More from MPR
June 15, 2005
Red Lake, Minn. — "My name is Emmy May and I am 16 years old. I'm writing my story of how I recovered from depression."
That's how Emmy May began a letter detailing her personal experiences with suicide. Her letter was published in the Red Lake tribal newspaper in March, 2004. It wasn't easy for Emmy to write the letter, and it's not easy to talk about it. She twists a tissue in her hands as she sits at a small table in a sun porch overlooking Red Lake, and reads from the letter. "I was 8 years old when I lost my older brother to suicide," her letter continues.
Emmy May says when her brother died, she was too young to understand why he was gone. She knew he wasn't coming back, and she knew she missed him.
Then, a year later, another brother committed suicide.
At age 9, Emmy May decided she had to be strong for her mother. No one talked much about the suicide, so she kept her pain inside.
Just before her 15th birthday, Emmy May lost a close friend to suicide. The death sent her into an emotional tailspin. She sank into depression, but didn't realize it because she didn't know much about the disease.
She tried to go to school and put on a good front, but was overcome by a feeling of hopelessness.
"I just thought nobody cared about me at all. Like my friends didn't care, my family didn't care. I was just really, really, really down about everything. That's why I was going to try," recalls May. "I tried," is how Emmy May refers to her suicide attempt. She can't bring herself to say much more about it. She still feels guilty for the pain she caused her family.
"I'd lock myself in my room and wouldn't talk to anybody, and I was crying a lot. I mean, I'm not going to lie. I tried before," says May as tears roll down her cheeks. "But I stopped myself. I just thought about my mom and my dad, just thought about them wondering why I did it. That's what stopped me."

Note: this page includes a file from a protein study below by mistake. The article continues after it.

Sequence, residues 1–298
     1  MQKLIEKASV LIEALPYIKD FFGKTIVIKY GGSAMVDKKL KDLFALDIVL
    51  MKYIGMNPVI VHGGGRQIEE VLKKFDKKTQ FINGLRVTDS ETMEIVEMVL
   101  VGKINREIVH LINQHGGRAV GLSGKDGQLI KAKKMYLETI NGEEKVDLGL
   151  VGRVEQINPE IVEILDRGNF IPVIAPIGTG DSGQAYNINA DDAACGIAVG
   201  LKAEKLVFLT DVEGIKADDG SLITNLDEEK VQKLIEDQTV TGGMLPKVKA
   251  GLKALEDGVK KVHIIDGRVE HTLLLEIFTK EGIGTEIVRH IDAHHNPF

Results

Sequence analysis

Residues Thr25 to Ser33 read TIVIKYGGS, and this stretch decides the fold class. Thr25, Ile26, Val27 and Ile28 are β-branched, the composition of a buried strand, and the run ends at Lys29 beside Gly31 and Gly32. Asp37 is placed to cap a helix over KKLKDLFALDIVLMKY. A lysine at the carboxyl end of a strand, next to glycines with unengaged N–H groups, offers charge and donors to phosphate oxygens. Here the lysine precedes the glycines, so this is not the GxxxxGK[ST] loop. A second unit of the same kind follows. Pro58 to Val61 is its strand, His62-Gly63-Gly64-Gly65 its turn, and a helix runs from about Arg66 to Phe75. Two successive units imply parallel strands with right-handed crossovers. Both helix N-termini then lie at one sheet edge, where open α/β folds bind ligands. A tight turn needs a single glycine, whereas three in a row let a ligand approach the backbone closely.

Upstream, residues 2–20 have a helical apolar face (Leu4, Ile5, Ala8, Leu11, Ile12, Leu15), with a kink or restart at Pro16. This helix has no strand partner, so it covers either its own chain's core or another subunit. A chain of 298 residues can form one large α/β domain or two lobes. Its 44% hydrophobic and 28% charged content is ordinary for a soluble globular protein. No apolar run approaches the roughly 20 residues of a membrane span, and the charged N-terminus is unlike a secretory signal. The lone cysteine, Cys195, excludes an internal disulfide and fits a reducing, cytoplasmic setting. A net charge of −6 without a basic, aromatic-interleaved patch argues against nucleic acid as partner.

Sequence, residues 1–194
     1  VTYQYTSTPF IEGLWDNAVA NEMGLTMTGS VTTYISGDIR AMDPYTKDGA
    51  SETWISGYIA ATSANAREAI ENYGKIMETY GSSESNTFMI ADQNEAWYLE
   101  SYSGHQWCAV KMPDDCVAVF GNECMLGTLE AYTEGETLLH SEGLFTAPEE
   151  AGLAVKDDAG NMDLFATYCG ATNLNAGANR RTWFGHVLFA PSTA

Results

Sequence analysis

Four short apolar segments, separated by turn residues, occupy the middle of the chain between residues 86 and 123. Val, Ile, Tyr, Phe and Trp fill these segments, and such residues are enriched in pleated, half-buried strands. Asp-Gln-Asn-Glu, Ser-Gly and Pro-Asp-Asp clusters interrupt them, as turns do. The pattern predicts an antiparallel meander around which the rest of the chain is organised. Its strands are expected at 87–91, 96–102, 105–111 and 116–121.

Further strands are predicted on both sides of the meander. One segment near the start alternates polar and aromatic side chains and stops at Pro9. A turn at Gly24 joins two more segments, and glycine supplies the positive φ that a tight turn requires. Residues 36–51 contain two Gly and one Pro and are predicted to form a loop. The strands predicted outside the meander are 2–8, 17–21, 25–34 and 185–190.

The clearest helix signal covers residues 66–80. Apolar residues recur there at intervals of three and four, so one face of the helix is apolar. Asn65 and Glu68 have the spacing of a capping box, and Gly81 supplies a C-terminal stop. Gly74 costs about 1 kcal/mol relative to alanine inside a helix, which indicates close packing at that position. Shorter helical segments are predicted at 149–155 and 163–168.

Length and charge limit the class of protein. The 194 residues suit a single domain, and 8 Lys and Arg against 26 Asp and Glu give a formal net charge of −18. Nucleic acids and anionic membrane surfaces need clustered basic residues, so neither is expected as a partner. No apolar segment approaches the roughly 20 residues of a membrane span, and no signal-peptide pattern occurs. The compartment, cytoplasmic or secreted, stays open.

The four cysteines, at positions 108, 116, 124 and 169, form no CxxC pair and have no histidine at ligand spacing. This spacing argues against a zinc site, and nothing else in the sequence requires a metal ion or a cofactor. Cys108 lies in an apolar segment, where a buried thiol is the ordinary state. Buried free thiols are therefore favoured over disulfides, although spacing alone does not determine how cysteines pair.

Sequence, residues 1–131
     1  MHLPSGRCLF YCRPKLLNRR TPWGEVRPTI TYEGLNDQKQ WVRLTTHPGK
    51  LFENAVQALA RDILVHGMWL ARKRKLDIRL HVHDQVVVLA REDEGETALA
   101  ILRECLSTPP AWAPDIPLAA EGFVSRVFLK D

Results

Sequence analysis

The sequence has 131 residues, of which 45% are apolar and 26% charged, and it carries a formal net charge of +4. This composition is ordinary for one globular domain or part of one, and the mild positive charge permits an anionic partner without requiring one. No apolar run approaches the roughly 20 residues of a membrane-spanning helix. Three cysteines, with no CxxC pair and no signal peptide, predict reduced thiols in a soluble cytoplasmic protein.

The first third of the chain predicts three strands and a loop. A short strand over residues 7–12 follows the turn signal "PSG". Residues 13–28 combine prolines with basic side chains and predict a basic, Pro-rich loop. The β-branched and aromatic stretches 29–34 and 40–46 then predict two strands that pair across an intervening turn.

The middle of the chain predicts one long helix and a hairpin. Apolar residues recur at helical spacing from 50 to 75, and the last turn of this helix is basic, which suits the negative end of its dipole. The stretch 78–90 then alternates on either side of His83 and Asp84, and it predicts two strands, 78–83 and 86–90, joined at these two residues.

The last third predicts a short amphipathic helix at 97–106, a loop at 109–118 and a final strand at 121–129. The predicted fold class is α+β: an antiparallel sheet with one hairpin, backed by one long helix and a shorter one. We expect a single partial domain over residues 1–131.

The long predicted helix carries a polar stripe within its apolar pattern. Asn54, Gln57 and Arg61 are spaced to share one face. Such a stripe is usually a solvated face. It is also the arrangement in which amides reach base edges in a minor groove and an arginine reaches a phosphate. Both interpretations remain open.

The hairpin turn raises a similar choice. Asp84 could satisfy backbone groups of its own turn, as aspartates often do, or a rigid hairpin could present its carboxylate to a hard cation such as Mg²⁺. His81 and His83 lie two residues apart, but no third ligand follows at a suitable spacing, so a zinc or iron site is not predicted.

Emmy May called a school counselor and asked for help. She spent three days in a psychiatric hospital. She says counseling helped her understand her depression. She was given anti-depressant medication, and after about two weeks she felt ready to go back to school.
The week she returned to school, another friend committed suicide. She was better prepared this time, says May. She understood depression and could intellectualize this loss.
But just a few months later it happened again. She lost a cousin who was one of her closest friends.
"There's so much I remember about her. Mostly her smile," says May. "That was probably one of the toughest ever. Because she was my cousin. She was one of my best friends. I would never expect her to do it."
Emmy May says she's learned to cope. She saw a counselor for awhile, and was on anti-depressants for about a year.
Now she gets relief from writing about her feelings, and talking with her mother, with whom she's developed a much closer relationship. She's not afraid to call a counselor if she's really down.
Emmy May was a senior at Red Lake High School this year and graduated last month. She's still mourning the eight schoolmates who died in the shooting at Red Lake High School in March. She plans to wait a year before going to college, where she wants to study to be a counselor.
May wrote her letter to the newspaper in hopes of getting people to talk about suicide. So far, not much has happened. She says a few people have told her it was a good letter.
May's story isn't all that unusual in Indian Country. But the fact that she talks about it, is. It's a subject many consider private.
Wendy Johnson says every day she sees other mothers who share the painful experience of losing a child, but they never talk about it.
"Maybe that's the biggest barrier. It shouldn't be a private issue," says Johnson.
Her son Andy would have graduated from Red Lake High School this year, but three years ago he committed suicide by hanging himself. The suicide tore Wendy Johnson's family apart.
"Everybody blamed themselves after this. Everybody wanted to know what could they have done, and it doesn't go away. You live with that for the rest of your life," says Johnson. "You can be having the best day of your life and suddenly you think, 'Could I have done something to stop it?'"